The information provided is not a substitute for any medical advice. ALWAYS consult with your doctor for more information.

 

How is sclerosing cholangitis diagnosed?

Although some people do have no symptoms, blood tests show that they have abnormal liver function. In case, your doctor suspects that you may experience this condition, he/she will look for:

  • Diseases that cause similar problems
  • Diseases that often occur with this condition (especially inflammatory bowel disease)
  • Gallstones

Tests that show cholangitis include:

  • Abdominal X-rays
  • Abdominal CT scan
  • Abdominal ultrasound
  • Endoscopic retrograde cholangiopancreatography (ERCP)
  • Liver biopsy
  • Magnetic resonance cholangiopancreatography (MRCP)
  • Percutaneous transhepatic cholangiogram (PTC)
  • Blood tests include liver enzymes (liver function tests).

How is sclerosing cholangitis treated? 

Treatments for sclerosing cholangitis try to focus on managing complications and controlling liver damage. Many medications have been found in people with sclerosing cholangitis, but so far none of them have been found to slow or reverse the liver damage associated with this disease.

  • Treatment for itching: Antihistamines, such as diphenhydramine (Benadryl, Diphenhist, others) and loratadine (Alavert, Claritin, others), are popularly used to reduce itching from insect bites or contact dermatitis. Whether these medications are effective in sclerosing cholangitis, though, is unknown. Antihistamines may worsen the liver disease symptoms of dry eyes and dry mouth. On the other hand, antihistamines can help with sleep if itching keeps you awake.

Medications that bind to bile acids — the substances thought to cause itching in liver disease — are the first line treatment for itching in sclerosing cholangitis.

  • Treatment for infections: Bile that backs up in narrowed or blocked ducts causes some bacterial infections. To avoid and treat these infections, people with sclerosing cholangitis may take repeated courses of antibiotics or continue taking antibiotics for long periods. Before any procedure that could cause an infection, such as an endoscopic procedure or abdominal surgery, you will also need to take antibiotics.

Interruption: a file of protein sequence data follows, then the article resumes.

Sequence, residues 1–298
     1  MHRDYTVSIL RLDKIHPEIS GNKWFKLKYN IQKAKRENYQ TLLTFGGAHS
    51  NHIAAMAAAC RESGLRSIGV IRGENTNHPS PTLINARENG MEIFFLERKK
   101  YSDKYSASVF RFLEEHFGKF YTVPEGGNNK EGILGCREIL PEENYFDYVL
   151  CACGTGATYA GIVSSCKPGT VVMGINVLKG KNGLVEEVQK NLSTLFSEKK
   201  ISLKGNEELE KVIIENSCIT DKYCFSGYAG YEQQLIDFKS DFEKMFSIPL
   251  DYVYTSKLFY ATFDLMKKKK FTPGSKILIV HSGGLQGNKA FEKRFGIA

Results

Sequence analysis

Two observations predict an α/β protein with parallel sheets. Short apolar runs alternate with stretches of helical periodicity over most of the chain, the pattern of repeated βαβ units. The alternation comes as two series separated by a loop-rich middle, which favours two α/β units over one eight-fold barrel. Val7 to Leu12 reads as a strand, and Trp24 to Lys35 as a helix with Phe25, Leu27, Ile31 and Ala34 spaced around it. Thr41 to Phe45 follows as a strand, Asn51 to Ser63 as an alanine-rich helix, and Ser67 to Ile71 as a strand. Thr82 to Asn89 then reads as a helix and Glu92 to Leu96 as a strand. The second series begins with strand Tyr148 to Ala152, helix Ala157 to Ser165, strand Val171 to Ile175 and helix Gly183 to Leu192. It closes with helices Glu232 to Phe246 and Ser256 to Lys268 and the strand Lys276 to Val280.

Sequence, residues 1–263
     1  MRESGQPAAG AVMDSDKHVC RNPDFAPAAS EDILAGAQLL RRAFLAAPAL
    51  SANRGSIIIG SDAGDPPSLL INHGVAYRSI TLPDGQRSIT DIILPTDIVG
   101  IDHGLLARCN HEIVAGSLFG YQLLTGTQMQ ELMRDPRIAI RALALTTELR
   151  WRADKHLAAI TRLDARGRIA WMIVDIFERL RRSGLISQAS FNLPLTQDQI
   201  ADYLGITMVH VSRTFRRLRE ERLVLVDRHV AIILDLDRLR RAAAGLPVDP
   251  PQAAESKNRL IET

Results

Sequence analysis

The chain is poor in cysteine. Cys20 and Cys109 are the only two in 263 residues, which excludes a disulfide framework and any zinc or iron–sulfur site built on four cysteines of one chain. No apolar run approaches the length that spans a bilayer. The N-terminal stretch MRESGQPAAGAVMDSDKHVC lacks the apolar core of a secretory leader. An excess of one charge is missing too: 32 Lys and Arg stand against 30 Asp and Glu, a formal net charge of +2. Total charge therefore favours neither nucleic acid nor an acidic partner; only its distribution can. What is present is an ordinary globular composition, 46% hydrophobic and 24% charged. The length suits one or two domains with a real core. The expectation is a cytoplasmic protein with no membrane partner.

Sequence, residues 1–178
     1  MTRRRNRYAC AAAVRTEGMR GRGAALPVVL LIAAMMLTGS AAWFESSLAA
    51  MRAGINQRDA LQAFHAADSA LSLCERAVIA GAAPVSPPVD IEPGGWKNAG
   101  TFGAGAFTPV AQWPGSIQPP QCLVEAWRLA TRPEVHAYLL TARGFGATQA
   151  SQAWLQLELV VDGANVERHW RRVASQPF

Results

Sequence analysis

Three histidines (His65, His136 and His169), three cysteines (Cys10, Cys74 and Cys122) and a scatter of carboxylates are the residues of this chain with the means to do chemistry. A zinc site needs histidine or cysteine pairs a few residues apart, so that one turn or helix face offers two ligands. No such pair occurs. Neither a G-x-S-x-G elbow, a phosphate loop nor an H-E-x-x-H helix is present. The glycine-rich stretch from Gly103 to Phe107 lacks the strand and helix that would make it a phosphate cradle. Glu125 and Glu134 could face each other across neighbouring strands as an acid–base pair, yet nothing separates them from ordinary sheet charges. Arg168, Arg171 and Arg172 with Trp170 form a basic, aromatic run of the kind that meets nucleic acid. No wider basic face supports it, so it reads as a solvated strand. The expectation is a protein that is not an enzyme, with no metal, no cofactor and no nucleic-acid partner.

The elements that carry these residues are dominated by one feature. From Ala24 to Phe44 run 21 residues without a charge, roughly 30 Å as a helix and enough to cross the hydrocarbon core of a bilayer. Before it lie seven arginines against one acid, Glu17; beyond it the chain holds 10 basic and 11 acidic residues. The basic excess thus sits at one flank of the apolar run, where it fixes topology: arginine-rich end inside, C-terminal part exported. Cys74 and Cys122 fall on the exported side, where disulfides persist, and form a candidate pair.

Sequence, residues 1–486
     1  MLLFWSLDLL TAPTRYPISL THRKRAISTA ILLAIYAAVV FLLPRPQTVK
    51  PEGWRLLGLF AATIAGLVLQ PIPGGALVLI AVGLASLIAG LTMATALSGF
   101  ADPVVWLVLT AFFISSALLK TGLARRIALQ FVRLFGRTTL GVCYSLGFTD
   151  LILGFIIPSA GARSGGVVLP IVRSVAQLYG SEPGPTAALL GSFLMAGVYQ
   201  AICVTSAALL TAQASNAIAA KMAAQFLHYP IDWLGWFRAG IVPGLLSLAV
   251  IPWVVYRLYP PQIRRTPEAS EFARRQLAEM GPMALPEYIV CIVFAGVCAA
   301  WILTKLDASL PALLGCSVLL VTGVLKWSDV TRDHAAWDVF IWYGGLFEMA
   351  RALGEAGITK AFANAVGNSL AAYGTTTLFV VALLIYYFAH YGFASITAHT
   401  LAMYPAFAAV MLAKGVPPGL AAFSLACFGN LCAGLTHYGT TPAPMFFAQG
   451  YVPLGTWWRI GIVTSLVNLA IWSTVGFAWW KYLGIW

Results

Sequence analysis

• Liver transplant: A liver transplant is the only treatment known to cure clerosing cholangitis. During a liver transplant, surgeons try to remove your diseased liver and replace it with a healthy liver from a donor. Liver transplant is reserved for people with liver failure or other severe complications of sclerosing cholangitis. Though it is uncommon, it is possible for sclerosing cholangitis to recur after a liver transplant.

Lifestyle changes & Home remedies

What are some lifestyle changes or home remedies that can help me manage sclerosing cholangitis?

It is considered that there are some home remedies to prevent this condition.

  • Don’t drink alcohol.
  • Get vaccinated against hepatitis A and B.
  • Use care with chemicals at home and at work.
  • Maintain a healthy weight.

If you have any questions, please consult with your doctor to better understand the best solution for you.

Hello Health Group does not provide medical advice, diagnosis or treatment.

Review Date: March 14, 2017 | Last Modified: March 14, 2017